ICBC Standard Bank, until recently the investment banking unit of South Africa’s Standard Bank, is preparing to pay up to $40m (£26.59m) in UK fines as part of the first deferred prosecution deal secured by the Serious Fraud Office.
The settlement relates to undisclosed alleged wrongdoing dating from 2012-13, the South African lender said in a statement to investors. Both the SFO and ICBC Standard Bank will ask a UK judge to approve the settlement.
The SFO insisted that full details of the facts of the case and the terms of the settlement would be set out in open court on Monday. The approval from Lord Justice Leveson is expected to be a formality as he has already agreed to it in principle during an earlier hearing that took place in private.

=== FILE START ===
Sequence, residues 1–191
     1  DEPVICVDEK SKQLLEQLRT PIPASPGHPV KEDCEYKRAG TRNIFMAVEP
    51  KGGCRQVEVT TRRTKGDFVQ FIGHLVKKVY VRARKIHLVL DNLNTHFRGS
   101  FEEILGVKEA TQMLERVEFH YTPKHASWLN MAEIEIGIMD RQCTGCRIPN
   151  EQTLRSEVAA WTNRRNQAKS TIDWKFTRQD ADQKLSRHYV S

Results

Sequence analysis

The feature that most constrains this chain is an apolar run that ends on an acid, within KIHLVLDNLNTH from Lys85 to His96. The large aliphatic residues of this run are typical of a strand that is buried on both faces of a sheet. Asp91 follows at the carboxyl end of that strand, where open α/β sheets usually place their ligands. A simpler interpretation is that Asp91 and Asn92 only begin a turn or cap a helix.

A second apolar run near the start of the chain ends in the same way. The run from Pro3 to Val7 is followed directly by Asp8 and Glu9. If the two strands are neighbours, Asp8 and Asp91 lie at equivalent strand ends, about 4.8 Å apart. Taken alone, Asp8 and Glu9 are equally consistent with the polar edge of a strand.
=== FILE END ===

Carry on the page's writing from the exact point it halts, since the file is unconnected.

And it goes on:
Under the previous SFO director Richard Alderman, prosecutors had struck deals behind closed doors with corporate defendants. These deals, known as civil settlements, were criticised for being too weak and for allowing companies to keep evidence of wrongdoing from the public eye.
Deferred prosecution agreements (DPAs) were introduced in February last year. They allow prosecutors to suspended a prosecution for an agreed period of time, and then withdraw it. In exchange, companies must pay a fine, repay related profits and assist in the prosecution of any individuals.
Standard Bank Group told investors any agreed payment is not expected to exceed $40m. Industrial and Commercial Bank of China took a 60% controlling stake in the London division in February this year, though it agreed any penalty relating to matters under SFO investigation would be borne by the South African lender.
The SFO has said it expects to have secured a second DPA by the end of the year. It is currently investigating an unprecedented number of large, stock market-listed companies, including Tesco, Barclays and Rolls-Royce, some of which are reportedly exploring DPA options.
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